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A long, one-storey rural building built of stone and divided into two halves; the right half, which is used as a chapel, is whitewashed.
Maesyronnen
Credit: Philip Pankhurst

Maesyronnen Chapel, situated about 1 mile north of the village of Glasbury, Powys, is one of the earliest Nonconformist chapels to be built in Wales. Built shortly after the Act of Toleration of 1689, which granted Nonconformists freedom to worship in their own buildings, it is the only chapel existing from that time to be largely unchanged and still in use as a chapel.

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All right, I was Welsh. Does it matter?I spoke a tongue that was passed onTo me in the place I happened to be,A place huddled between grey wallsOf cloud for at least half the year. — R. S. Thomas, Tares (1961)

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A sixteenth-century portrait of John Dee, artist unknown. According to Charlotte Fell Smith, this portrait was painted when Dee was 67.
John Dee (13 July 1527 – 1609) was a noted English mathematician, astronomer, astrologer, geographer, occultist, and consultant to Queen Elizabeth I. He also devoted much of his life to alchemy, divination, and Hermetic philosophy. Dee straddled the worlds of science and magic just as they were becoming distinguishable. One of the most learned men of his time, he had lectured to crowded halls at the University of Paris when still in his early twenties. John was an ardent promoter of mathematics, a respected astronomer and a leading expert in navigation, having trained many of those who would conduct England's voyages of discovery (he coined the term "British Empire"). At the same time, he immersed himself deeply in magic and Hermetic philosophy, devoting the last third of his life almost exclusively to these pursuits. For Dee, as with many of his contemporaries, these activities were not contradictory, but particular aspects of a consistent world-view.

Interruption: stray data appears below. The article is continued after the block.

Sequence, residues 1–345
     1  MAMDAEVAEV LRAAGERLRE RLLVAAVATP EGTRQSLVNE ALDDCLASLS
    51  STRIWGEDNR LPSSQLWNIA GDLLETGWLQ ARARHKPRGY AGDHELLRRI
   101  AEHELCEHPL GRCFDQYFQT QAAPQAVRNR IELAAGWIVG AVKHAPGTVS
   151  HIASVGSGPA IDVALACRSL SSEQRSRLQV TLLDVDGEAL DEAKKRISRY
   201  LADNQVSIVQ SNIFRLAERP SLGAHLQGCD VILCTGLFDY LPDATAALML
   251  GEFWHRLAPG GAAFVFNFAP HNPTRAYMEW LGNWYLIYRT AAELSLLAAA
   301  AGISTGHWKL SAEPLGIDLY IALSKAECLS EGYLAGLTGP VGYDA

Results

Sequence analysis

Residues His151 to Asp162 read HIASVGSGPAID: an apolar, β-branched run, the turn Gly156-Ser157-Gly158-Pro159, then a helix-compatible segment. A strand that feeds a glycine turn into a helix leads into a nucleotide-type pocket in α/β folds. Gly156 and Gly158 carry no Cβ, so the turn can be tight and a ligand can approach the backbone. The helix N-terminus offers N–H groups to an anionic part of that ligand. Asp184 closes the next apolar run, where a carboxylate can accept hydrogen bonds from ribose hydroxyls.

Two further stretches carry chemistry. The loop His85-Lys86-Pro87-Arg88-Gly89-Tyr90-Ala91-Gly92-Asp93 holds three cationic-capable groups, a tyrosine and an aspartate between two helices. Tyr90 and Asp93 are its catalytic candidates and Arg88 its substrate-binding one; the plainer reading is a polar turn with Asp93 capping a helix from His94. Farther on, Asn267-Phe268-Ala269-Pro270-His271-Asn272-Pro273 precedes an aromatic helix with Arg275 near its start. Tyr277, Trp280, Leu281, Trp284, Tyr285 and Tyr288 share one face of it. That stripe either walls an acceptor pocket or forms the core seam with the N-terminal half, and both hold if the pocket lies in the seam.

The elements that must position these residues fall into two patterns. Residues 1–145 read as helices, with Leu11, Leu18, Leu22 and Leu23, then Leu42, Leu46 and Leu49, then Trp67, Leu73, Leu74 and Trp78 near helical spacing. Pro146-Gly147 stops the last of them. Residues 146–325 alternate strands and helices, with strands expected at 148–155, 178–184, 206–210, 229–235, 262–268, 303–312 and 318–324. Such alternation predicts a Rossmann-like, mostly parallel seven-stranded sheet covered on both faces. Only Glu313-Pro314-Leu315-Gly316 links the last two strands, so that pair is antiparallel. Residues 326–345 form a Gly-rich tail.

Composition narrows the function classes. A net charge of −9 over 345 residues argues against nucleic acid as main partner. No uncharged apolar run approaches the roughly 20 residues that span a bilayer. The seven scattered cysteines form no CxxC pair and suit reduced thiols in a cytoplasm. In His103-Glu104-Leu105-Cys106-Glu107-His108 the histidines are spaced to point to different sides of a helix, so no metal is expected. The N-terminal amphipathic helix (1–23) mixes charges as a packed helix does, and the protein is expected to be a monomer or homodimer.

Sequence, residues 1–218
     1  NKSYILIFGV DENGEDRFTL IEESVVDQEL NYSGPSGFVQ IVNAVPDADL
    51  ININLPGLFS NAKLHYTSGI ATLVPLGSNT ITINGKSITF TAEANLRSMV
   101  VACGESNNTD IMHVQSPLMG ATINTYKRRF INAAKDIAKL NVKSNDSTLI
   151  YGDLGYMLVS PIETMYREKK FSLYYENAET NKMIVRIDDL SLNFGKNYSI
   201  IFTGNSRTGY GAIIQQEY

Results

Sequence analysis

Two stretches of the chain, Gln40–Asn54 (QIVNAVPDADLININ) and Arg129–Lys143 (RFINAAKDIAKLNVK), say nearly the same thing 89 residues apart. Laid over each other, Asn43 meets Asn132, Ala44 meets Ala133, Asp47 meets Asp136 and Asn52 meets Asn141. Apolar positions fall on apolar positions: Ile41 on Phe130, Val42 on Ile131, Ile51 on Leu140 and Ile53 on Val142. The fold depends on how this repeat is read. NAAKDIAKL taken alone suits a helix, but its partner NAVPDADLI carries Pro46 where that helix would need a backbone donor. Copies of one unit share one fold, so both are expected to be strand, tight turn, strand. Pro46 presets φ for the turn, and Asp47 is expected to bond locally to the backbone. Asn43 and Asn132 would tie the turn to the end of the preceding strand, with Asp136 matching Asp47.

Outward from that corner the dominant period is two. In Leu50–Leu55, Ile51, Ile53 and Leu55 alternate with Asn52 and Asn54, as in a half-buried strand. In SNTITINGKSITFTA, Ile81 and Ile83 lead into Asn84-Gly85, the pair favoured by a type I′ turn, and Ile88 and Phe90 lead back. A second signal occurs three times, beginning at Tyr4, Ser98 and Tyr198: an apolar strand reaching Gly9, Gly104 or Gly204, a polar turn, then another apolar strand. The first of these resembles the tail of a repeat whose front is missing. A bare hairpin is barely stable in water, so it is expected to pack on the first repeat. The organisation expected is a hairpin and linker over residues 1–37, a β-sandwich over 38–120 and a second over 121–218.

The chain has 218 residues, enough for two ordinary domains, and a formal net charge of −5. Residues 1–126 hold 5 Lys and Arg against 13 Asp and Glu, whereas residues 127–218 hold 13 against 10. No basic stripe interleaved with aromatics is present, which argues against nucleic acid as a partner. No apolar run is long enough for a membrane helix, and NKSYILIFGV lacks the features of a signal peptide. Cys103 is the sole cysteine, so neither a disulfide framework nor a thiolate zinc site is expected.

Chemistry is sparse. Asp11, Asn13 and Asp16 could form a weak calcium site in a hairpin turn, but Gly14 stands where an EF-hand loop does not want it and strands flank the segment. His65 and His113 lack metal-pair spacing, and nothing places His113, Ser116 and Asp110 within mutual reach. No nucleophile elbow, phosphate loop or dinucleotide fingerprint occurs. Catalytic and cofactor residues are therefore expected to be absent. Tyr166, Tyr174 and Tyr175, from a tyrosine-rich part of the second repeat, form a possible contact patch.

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1899 recording of Hen Wlad Fy Nhadau

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Welsh national identity · English rule in Wales · Military history of Wales · Welsh pop and rock music · Wales in the World Wars · Carmarthen Bay · Clwydian Range · Glyn Daniel · List of places in Anglesey · List of places in Ceredigion · List of places in Gwynedd · List of places in Monmouthshire · List of places in Pembrokeshire · List of places in Powys · Pembroke River · River Cothi · River Dwyryd · River Ebbw · River Honddu · River Ithon · River Llynfi · River Mawddach · River Mynach · River Neath · River Ogwen · River Rheidol · River Taff · River Vyrnwy · River Ystwyth  · Aberfan Cemetery · East Glamorgan General Hospital · Welsh traditional music · River Gyffin Other pages that need expansion: Wales stubs

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cy:Capel Seion, Llanrhaeadr-ym-Mochnant (Capel Seion, Llanrhaeadr ym Mochnant), Grade II* listed building · cy:Trefeurig (Trefeurig)